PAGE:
(670 The Score) Bears president and CEO Kevin Warren is under scrutiny for his role in the Big Ten's incomplete television rights deal that now has significant money in flux, according to a report from ESPN.
As the Big Ten's commissioner from 2020 through this April, Warren oversaw the negotiation of a $7-billion broadcasting deal that remains incomplete. One key problem now is the Big Ten owes $65 million to Fox, and the conference is projecting lost value in its deal that's nearing completion with NBC, according to the report.
The Big Ten must pay back nearly $40 million to Fox because Warren brought the 2026 football conference championship game to NBC without the full authority to do so. The broadcast rights to the Big Ten's title game were controlled by Fox and the Big Ten Network, not the conference itself, according to the report. The Big Ten must also pay $25 million in lost revenue to Fox for missed football games in the 2020 season, when Warren initially canceled the season in August due to the COVID-19 pandemic before reversing course.
The Big Ten could also lose tens of millions of dollars in value on its NBC deal because of tension surrounding primetime games in November. The conference previously hadn't required schools to play primetime games that late in the season, but the deal with NBC includes such night games, and schools have pushed back, ESPN reported. Each of the 14 Big Ten universities could be on the hook for $5 million, according to the report.
The Big Ten has hired an outside firm to determine whether Warren is deserving of a bonus. The conference paid former commissioner Jim Delany more than $20 million for his work in a 2017 television deal. As Warren joined the Bears, the Big Ten introduced Tony Petitti as its new commissioner in April.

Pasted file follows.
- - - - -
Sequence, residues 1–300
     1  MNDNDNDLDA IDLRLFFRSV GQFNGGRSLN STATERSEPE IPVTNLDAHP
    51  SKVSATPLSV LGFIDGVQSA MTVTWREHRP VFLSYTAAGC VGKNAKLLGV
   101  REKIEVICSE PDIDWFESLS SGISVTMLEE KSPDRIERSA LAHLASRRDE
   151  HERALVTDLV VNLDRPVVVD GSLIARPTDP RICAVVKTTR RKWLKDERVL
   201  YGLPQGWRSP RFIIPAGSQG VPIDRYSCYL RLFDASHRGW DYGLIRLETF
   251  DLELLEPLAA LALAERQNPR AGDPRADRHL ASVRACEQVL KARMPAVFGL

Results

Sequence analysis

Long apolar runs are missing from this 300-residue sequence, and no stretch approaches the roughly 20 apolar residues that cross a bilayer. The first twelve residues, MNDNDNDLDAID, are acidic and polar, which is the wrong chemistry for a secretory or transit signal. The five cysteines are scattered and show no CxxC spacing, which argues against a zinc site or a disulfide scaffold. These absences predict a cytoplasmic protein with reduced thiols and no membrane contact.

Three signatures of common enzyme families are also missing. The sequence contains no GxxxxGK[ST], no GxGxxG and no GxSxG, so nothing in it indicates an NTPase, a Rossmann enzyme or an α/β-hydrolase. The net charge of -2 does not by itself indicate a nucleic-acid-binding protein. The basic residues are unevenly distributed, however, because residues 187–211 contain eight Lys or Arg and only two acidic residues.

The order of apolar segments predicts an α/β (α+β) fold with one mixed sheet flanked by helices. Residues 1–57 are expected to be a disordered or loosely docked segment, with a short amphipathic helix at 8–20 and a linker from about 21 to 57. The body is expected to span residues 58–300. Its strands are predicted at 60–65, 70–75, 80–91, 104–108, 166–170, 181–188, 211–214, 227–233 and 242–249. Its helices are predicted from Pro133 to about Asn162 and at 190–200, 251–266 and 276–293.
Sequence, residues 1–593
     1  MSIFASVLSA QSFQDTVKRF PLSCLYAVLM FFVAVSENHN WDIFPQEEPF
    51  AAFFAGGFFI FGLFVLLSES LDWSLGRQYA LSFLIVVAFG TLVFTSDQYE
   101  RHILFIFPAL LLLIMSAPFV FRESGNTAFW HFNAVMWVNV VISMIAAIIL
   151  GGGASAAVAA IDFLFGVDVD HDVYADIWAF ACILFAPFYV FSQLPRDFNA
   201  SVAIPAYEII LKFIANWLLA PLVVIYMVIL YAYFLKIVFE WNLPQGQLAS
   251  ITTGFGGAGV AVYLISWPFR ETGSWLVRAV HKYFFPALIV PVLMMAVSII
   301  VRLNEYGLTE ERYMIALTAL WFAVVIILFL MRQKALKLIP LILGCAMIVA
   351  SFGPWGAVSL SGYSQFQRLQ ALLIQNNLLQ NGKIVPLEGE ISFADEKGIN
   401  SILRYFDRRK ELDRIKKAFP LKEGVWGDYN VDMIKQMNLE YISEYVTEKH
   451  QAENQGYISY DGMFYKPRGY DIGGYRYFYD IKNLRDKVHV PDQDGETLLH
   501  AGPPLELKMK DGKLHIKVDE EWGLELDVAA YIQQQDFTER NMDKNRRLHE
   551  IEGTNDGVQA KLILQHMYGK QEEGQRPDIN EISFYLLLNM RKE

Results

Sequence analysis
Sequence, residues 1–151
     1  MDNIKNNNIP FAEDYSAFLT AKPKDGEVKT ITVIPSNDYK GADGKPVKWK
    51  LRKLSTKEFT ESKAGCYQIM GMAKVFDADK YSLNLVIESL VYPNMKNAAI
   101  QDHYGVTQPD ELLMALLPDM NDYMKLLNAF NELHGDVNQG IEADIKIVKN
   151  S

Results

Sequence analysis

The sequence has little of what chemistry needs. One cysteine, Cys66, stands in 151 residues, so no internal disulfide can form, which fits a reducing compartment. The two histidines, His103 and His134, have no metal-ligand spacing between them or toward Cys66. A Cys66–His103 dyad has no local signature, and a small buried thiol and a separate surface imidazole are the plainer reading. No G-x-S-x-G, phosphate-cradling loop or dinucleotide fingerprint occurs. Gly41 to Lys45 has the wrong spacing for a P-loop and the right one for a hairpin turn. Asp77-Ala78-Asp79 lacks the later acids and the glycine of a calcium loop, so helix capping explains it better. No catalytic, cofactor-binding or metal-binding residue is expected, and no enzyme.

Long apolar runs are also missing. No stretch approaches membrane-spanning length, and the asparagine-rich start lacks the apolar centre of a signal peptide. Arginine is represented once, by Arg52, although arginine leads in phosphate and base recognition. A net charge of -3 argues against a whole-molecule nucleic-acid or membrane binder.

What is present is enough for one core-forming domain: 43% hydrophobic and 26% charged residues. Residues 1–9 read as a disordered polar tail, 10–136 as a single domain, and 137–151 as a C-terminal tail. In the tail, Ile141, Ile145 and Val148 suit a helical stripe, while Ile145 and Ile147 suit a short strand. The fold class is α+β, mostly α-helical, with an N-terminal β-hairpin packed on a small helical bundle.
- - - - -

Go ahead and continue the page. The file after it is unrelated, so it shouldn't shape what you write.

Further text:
Warren was tabbed by the Bears in January to be their new president and CEO. At that time, he spoke of his belief that the Big Ten was in a "demonstratively better position" than when he took over.
“I just felt in 40 months there, for us to be able to come in and handle the pandemic in a manner that I thought kept our student-athletes healthy and safe, for us to be a leader in social justice initiatives, for us to be a leader in the mental health space, for us to be able set records from a television network creativity standpoint, and to be able to expand with USC and UCLA, I would say I left the Big Ten in a demonstratively better position,” Warren said at his introductory press conference in January.
“I just felt like I had made the impact at the Big Ten at that point in time, it's in a phenomenal position, and someone else should be afforded that opportunity to recognize their dreams. And to be blessed to have the Chicago Bears at this point in time with the challenges that they're facing, but the huge opportunities and the work that it's going to take. It was time to be able to go.”
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